Key benefits? (only part of the matrix is shown in the picture) 

  • Enables the user to follow a recognised template
  • Ensures a measurable format is followed prior to choosing which engineers to make redundant
  • The template takes into account a wide range of information prior to decision making
  • Scoring is based upon measures (facts) rather than 'Gut' feeling
  • Sickness absence, salary, skills and qualifications are all factored into the matrix
  • Scoring of each element is undertaken prior to whole workforce being ranked on their overall scores
  • This template can be used to monitor engineers outside of any redundancy process
  • The grid has a self calculation table at the bottom to enable a better insight into the outputs 

Who would use it? 

  • Line Manager
  • Director
  • Project Manager
  • Commercial Manager
  • Venture Capitalist

What is it?  

The 'Engineer Redundancies Scoring Matrix' is a collection of engineer skills, capabilities and performance outputs collected to rank the individual against the workforce prior to company redundancies.

When would you use it?  

You would use the 'Engineer Redundancies Scoring Matrix' when the company does not have any option but to shed some of the workforce. When this happens, there is always the risk of tribunals through unfair practice so it is in the best interest of both parties to ensure a scoring mechanism is in place and is recorded.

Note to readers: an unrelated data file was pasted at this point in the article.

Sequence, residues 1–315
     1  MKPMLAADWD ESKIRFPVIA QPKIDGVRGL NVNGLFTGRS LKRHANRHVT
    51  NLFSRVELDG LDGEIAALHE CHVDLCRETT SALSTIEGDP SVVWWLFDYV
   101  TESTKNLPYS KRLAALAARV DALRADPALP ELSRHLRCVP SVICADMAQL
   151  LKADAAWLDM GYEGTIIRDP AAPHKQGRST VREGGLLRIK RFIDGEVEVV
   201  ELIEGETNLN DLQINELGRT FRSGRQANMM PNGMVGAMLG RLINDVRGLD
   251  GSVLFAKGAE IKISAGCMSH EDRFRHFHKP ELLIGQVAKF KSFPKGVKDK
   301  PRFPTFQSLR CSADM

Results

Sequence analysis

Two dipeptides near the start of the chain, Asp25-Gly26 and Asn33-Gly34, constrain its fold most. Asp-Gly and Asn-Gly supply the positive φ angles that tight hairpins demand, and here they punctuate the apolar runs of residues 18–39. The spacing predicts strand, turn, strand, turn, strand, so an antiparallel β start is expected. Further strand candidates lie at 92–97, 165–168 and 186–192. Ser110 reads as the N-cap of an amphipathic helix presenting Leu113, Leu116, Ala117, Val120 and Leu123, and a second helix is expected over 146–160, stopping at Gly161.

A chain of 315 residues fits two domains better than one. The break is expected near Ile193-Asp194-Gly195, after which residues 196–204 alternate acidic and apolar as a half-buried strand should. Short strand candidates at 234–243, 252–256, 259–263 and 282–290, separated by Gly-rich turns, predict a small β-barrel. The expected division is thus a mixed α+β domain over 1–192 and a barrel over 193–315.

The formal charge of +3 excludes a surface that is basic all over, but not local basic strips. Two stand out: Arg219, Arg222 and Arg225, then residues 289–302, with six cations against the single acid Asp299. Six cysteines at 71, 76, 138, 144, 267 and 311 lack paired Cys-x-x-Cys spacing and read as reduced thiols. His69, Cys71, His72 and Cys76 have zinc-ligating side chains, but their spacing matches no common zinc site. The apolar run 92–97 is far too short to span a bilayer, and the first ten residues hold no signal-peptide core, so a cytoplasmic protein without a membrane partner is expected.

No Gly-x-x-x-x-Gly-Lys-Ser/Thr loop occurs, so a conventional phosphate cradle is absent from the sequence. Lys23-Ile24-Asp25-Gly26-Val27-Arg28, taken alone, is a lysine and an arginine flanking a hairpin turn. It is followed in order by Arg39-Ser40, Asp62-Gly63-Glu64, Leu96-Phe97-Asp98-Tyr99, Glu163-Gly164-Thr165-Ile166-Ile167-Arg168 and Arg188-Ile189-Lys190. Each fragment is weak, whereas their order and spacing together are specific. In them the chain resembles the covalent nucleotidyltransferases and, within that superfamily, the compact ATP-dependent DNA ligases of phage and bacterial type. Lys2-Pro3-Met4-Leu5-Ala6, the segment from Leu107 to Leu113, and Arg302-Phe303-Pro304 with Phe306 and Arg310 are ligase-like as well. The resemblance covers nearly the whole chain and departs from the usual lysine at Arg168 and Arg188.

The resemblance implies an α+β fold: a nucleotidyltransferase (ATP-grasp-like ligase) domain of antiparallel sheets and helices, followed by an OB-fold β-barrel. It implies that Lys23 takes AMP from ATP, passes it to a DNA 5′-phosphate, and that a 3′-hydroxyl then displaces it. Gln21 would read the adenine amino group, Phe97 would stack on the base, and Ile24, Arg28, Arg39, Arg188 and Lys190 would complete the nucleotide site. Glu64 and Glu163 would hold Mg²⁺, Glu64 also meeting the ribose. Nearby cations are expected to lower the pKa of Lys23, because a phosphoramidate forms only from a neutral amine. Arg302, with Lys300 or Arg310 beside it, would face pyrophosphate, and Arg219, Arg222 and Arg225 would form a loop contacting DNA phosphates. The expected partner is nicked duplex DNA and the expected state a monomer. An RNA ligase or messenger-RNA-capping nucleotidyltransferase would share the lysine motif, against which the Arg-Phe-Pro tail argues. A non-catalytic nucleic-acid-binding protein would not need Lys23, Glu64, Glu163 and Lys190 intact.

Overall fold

Why would you use it?  

You would use the 'Engineer Redundancies Scoring Matrix' to ensure that as a company you achieve the correct outcome. It has been proved that what is thought to be the best workforce (using 'Gut' instincts) usually ends up being the most favourite workforce; the actual best workforce is obviously the best performing engineers which is of course based on numbers / measures and fact based information. The 'Actual' best performing workforce must be the goal when in this circumstance.

Additional Information

The best method of operating this matrix is to get at least 5 different management representatives (if possible) and get them all to make a score of the criteria; take the average score for the matrix. Any wild swings in scoring should be explained by the person who is furthest from the norm. If any management information is available this must be populated into the matrix for ranking to achieve the most accurate results. Overall ranking can be taken from this.

Periodically, this is a good exercise to see if any engineers are performing poorly over the entire measures suite. This analysis usually brings many questions to the management team when the matrix is populated.

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